Coronavirus: Should Israel's frontline workers be paid more?

With nearly 100,000 small businesses estimated to have shuttered in Israel during the past year, the idea of raising wages has not been raised for debate.

Illustrative photo of Israeli money (photo credit: MARC ISRAEL SELLEM)
Illustrative photo of Israeli money
(photo credit: MARC ISRAEL SELLEM)
Low-paid frontline workers in supermarkets, pharmacies and other stores have been considered essential workers since the beginning of the coronavirus pandemic. Their jobs require constant interaction with customers, putting them at high risk for catching the virus.
But while their sacrifices have been noted with lip service, has anything been done to compensate them for their work?
In the United States, there have been a number of unsuccessful calls by worker advocacy groups to increase compensation for frontline workers.
“Let’s not just praise them, let’s pay them,” US President Joe Biden proclaimed last month, as he introduced a plan to more than double the minimum wage to $15 as part of his $1.9 trillion COVID-relief stimulus package. Some have asked whether similar initiatives should be introduced here in Israel.
The problem is that many employers are themselves struggling to make ends meet.
“What, you want businesses that aren’t making any money to pay workers more?” Tali Friedman, head of the Mahaneh Yehuda Merchants’ Association, asked incredulously. “We’re trying to help the small businesses survive.”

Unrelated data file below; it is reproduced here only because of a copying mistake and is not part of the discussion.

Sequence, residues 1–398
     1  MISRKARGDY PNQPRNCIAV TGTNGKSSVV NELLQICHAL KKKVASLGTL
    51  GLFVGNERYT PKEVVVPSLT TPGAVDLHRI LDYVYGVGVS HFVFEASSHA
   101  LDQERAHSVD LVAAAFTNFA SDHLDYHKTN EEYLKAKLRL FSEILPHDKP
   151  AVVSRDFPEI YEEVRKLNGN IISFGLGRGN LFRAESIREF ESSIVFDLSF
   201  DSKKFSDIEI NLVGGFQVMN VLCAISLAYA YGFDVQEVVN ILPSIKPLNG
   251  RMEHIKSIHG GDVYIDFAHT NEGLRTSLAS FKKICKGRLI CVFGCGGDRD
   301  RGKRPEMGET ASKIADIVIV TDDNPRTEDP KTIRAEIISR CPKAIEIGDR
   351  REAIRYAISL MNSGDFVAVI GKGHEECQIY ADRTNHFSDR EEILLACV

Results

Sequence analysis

With nearly 100,000 small businesses believed to have shuttered in Israel during the past year, the idea of raising wages has not been raised for debate. Small businesses are already fuming at what they perceive as unfair and draconian closures that have made them some of the hardest-hit victims of the economic crisis.
Indeed, Biden’s proposal to raise the minimum wage in the US is projected by many to hurt the economy more than help it, leading to 1.4 million fewer jobs and increasing the US budget deficit, which currently stands at $3.2 trillion, by $54 billion over 10 years,
according to a report by the Congressional Budget Office.
“No one in Israel ever said, ‘We’re working during corona, so we should get paid more,’” said Yaniv Levi, a spokesman for the Histadrut, Israel’s largest labor union.
The Histadrut undertook a number of actions to help workers during this period, he said, adding: “When the COVID vaccines became available, we pushed to vaccinate cashiers and other frontline workers first.
“We worked to solve work disputes for nurses and laboratory workers, and in some large companies, we helped workers come back from halat [unpaid leave] through agreements that we negotiated, and we have dealt with a number of individual cases as they came up.”
In addition, the Histadrut worked to raise morale among workers by distributing food or gifts, Levi said.
“Sometimes, a show of appreciation makes a big difference,” he said.